April 8, 2019 / 8:54 AM / 8 months ago

Japan faces recession risks with dearth of ammunition

TOKYO (Reuters) - Japan appears to have dodged a recession thanks to resilient business spending but tanking factory and export sectors and a lack of policy options leave it particularly vulnerable if a projected recovery in the global economy fails to materialize.

FILE PHOTO: Pedestrians are silhouetted as they walk past the Tokyo Tower in Tokyo, Japan December 26, 2017. REUTERS/Kim Kyung-Hoon/File Photo

If domestic growth crumbles, Prime Minister Shinzo Abe could postpone yet again a scheduled sales tax hike in October or offer a modest increase in fiscal spending, some analysts say.

The Bank of Japan, too, may be forced to ramp up monetary support, though many analysts say the central bank is left with few effective tools to prop up growth.

While the chances of such actions are small, they cannot be ruled out given Japan’s exposure to economic swings in big export destinations like China, analysts say.

“Chances are fifty-fifty that Abe may delay the sales tax hike again,” said Takeshi Minami, chief economist at Norinchukin Research Institute, who see a 70 percent chance Japan may slide into recession.

“If the sales tax is delayed, the BOJ would come under pressure for further easing.”

More extreme steps like using government spending as a primary policy tool to boost employment and spur inflation - an idea dubbed “Modern Monetary Theory” (MMT) backed by some U.S. academics and politicians - are off the table for now, government officials say.

“There is no sense that someone is going to latch onto this and push for a huge increase in fiscal spending,” a government official with direct knowledge on economic policy-making said, when asked by Reuters about MMT.

“However, the government’s position is that fiscal and monetary policy need to work together,” the official said, adding that the priority for government officials is to deal with any downside shocks with additional fiscal spending.

Factory output and exports slumped in January due to a bruising U.S.-China trade war, forcing the government to cut its economic assessment in March for the first time in three years.

But the government held off from declaring Japan in a recession. Central bank policymakers also saw relief in the BOJ’s “tankan” survey last week that showed companies were maintaining their robust capital expenditure plans.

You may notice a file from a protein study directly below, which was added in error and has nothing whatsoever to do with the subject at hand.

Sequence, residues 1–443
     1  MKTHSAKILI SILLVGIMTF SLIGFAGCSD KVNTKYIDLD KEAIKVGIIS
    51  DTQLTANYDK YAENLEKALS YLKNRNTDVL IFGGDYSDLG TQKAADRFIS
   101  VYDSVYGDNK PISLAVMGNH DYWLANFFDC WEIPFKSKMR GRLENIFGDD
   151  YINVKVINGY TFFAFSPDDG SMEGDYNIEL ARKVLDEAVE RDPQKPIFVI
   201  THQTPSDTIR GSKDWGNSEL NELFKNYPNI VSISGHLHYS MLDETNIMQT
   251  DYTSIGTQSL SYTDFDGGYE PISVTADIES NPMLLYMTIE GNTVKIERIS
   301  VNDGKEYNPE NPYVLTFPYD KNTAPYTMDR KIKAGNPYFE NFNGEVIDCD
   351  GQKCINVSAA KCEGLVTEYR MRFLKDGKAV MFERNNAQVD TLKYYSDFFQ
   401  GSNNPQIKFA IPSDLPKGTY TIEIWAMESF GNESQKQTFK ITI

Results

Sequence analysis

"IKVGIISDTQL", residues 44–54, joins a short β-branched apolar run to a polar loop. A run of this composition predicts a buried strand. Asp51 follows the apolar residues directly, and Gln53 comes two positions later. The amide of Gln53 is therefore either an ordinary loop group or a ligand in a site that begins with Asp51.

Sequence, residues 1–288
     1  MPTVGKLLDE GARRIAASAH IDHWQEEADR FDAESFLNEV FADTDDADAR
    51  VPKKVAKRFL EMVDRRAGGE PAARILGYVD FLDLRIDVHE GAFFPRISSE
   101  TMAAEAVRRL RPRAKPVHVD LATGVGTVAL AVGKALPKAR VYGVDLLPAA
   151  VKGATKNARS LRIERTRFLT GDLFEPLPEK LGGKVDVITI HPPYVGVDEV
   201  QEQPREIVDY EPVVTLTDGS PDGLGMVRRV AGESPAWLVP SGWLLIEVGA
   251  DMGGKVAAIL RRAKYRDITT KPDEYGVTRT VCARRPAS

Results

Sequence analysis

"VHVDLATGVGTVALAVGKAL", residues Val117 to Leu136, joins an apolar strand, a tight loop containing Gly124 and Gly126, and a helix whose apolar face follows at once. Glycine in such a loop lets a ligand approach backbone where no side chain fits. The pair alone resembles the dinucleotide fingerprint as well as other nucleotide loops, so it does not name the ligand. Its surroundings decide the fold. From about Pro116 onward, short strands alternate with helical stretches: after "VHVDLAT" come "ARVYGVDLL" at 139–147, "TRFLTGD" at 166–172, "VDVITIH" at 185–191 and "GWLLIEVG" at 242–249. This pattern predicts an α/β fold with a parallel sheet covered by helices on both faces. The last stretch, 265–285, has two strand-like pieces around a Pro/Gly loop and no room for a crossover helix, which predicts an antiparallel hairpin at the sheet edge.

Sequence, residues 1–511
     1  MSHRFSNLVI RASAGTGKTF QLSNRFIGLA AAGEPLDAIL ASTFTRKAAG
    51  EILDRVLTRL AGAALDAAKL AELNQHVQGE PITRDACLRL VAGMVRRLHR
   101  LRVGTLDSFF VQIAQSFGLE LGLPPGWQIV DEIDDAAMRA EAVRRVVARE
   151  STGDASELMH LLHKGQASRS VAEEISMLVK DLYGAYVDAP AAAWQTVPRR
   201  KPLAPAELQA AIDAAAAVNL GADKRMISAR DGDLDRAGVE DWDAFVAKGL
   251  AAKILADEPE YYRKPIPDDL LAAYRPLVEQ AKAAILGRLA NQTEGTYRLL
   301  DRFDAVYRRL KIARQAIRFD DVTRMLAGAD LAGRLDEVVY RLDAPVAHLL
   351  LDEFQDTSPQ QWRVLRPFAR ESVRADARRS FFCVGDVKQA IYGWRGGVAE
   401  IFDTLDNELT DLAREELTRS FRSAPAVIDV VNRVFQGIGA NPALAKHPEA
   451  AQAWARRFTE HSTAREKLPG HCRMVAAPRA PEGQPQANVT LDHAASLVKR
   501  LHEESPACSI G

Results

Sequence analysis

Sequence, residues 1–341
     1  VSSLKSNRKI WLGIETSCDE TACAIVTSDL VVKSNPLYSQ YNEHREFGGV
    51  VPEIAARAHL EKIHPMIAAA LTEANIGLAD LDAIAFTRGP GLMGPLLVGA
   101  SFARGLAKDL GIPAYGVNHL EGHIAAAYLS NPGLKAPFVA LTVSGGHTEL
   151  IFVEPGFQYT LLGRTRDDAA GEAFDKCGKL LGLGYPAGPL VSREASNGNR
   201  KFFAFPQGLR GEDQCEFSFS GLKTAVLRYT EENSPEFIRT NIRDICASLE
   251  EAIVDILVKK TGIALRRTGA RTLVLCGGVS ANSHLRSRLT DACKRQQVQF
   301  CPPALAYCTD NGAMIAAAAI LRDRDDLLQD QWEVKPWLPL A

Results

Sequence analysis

Still, government and central bank policymakers worry that the global slowdown, if it persists, may eventually prompt firms to delay investment, say sources familiar with their thinking.

“External headwinds aren’t hurting capital expenditure yet, so Japan can still expect a second-half rebound in growth,” said one of the sources. “But uncertainty is high,” the source said, adding that much will depend on how quickly global growth - notably China’s economy - will pick up.

Abe has said he will go ahead with a twice-delayed increase in the sales tax rate to 10 percent from 8 percent in October unless a shock to the scale of the collapse of Lehman Brothers in 2008 hits the global economy.

The government has already earmarked roughly 2 trillion yen ($17.95 billion) in spending to mitigate the pain, raising the threshold to postpone the tax hike again. But some analysts say another delay could not be ruled out as Abe faces an upper house election in the summer.

The BOJ could be asked upon to ramp up stimulus, though it is running out of ammunition and facing criticism that prolonged easing is inflicting too much pain on financial institutions.

With the cost of its stimulus rising, the BOJ may be left to rely on words rather than action to bolster the business mood and prevent unwelcome yen rises that hurt exports, some analysts say.

“The BOJ is running out of options ... It has to sound dovish to prevent the yen from rising,” said Hiroaki Muto, senior economist at Tokai Tokyo Research Center.

“The first step would be using forward guidance to show the direction is toward easing and normalization is very much in the distance.”

(This story has been refilled to insert dropped word in the first paragraph)

Additional reporting by Tetsushi Kajimoto and Kaori Kaneko; Editing by Sam Holmes

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